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Spotlight: NIST Researcher Julie Rieland Works Toward Recycling and Reusing Synthetic Plastics Used in Agriculture

Julie Rieland, a researcher, looks at data on her computer screen in her lab.
Credit: M. King/NIST

Plastic is everywhere, even on farms. Farmers use plastic to cover and protect crops and help them retain water in the soil. Farmers also cover up bales of hay with plastic, so they look like giant marshmallows. 

But what happens when these plastics are no longer needed? In some farming communities, permanent landfills may be too far away from farms or even nonexistent, so farmers may opt to burn the plastic they no longer need. There’s also not much research available on how much or little farmers are able to recycle plastic.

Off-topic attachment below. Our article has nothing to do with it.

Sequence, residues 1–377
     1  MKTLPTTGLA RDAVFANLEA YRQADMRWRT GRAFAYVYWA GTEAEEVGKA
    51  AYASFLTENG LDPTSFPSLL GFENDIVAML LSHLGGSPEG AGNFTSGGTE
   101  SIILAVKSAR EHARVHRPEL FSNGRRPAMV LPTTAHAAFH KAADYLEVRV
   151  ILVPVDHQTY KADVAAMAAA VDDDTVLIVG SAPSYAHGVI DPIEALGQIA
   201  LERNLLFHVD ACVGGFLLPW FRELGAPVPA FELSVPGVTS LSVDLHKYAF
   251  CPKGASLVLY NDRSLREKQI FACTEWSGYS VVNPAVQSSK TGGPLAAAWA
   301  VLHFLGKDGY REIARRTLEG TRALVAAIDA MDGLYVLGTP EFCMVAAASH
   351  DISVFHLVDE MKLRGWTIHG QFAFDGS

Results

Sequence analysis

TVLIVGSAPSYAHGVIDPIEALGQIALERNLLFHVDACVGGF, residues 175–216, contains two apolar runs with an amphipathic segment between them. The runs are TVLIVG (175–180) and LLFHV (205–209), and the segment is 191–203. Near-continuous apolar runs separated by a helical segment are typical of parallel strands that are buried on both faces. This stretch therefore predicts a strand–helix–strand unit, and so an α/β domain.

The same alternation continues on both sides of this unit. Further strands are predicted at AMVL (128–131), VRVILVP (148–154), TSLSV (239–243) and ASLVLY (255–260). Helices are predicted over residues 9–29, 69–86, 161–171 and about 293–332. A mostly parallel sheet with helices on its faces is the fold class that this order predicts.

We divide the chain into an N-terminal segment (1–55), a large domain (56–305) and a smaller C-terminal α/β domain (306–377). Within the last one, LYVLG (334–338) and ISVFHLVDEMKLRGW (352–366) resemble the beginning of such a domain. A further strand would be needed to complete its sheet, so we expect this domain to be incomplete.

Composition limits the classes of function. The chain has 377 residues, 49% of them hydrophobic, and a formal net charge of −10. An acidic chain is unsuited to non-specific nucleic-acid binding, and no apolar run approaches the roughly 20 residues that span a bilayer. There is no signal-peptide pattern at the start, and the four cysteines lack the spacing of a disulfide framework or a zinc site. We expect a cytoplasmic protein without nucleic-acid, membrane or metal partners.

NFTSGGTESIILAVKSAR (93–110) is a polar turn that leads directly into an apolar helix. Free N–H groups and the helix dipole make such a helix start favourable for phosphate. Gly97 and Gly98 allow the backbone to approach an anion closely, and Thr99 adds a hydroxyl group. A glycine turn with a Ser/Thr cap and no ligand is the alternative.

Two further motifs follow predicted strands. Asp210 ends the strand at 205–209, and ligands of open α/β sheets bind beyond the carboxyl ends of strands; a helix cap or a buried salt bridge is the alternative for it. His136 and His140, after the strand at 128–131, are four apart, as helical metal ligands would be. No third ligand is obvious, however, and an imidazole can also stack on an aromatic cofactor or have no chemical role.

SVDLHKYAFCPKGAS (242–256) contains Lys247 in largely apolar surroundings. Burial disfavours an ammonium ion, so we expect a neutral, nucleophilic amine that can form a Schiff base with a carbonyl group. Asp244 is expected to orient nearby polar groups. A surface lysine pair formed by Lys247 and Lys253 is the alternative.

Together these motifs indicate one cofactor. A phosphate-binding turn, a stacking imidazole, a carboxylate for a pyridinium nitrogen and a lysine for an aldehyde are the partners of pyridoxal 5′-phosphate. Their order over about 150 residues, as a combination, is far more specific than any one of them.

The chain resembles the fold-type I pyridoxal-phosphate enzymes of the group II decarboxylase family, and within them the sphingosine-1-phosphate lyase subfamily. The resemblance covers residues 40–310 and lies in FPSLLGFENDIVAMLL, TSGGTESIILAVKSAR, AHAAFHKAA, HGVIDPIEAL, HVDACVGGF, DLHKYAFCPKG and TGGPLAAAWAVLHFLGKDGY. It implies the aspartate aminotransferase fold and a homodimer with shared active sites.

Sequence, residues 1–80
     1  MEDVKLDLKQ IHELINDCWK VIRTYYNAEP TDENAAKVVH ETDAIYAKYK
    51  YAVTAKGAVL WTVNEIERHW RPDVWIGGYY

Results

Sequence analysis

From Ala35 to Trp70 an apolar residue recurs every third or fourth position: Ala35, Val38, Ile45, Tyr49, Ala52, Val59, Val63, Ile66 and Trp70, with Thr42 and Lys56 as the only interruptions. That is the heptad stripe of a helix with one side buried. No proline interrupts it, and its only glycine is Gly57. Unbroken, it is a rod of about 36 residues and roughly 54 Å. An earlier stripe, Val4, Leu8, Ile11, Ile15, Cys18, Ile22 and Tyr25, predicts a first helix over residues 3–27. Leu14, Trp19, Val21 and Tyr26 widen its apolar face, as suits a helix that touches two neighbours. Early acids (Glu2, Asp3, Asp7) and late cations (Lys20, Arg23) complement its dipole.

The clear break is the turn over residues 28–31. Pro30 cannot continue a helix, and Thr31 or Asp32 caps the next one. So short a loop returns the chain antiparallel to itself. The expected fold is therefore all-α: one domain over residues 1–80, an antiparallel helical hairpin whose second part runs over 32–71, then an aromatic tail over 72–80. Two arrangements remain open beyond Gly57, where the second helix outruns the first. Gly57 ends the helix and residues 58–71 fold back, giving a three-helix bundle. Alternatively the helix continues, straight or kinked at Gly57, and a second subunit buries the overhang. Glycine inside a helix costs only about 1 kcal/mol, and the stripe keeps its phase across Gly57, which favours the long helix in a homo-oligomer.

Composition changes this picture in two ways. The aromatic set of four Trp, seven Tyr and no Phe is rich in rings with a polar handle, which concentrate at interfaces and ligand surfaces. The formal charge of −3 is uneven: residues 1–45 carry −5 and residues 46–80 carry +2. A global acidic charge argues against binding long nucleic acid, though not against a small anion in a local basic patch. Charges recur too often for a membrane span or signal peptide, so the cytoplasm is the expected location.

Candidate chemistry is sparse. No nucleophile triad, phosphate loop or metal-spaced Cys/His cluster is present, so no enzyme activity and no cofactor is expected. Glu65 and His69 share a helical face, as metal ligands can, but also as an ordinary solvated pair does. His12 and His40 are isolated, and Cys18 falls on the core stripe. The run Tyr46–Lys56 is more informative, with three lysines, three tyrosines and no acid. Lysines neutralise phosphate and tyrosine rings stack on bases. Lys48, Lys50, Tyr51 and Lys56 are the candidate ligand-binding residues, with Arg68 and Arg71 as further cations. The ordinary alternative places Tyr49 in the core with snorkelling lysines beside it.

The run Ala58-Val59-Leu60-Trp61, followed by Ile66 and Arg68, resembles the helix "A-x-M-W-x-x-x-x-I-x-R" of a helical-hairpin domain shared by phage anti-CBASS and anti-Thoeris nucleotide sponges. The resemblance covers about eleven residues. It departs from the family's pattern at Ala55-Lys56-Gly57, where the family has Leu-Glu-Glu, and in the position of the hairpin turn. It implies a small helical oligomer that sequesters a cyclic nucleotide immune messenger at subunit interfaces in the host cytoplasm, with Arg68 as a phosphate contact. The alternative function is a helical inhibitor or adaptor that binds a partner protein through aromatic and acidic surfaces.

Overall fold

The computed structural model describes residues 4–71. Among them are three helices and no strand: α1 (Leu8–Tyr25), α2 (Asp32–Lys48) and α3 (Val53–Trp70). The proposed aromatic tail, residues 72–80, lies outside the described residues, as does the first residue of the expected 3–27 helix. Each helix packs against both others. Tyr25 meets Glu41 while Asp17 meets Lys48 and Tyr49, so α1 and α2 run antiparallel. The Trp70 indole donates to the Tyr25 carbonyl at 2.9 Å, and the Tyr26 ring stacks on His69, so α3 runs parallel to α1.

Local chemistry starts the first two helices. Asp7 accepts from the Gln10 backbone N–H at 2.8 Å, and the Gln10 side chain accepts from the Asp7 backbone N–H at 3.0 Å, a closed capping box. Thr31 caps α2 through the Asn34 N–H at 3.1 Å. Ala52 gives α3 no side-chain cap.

But NIST postdoctoral materials engineer Julie Rieland is researching how we might change that. And it starts with visiting farmers in Kansas, a state with more than 20 million acres (81,000 square kilometers) of crops. Julie is surveying farmers there about what’s keeping them from being able to recycle plastics. 

“A lot of it falls less on the science and more on the social and the infrastructure side,” Julie said. 

Julie is surveying farmers to see what types of plastics they use on their farms and what the barriers to recycling might be. She’s hoping to learn about how we can create a better recycling infrastructure that works for farmers and would be geared toward recycling the types of plastics used on farms. 

She’s passionate about creating a society that relies less on plastic — and keeps plastic in use longer, rather than simply tossing it in the trash, or worse, burning it. Julie hopes her work will lead to more sustainable farms — and a healthier planet — for all of us.

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Released June 18, 2024, Updated June 28, 2024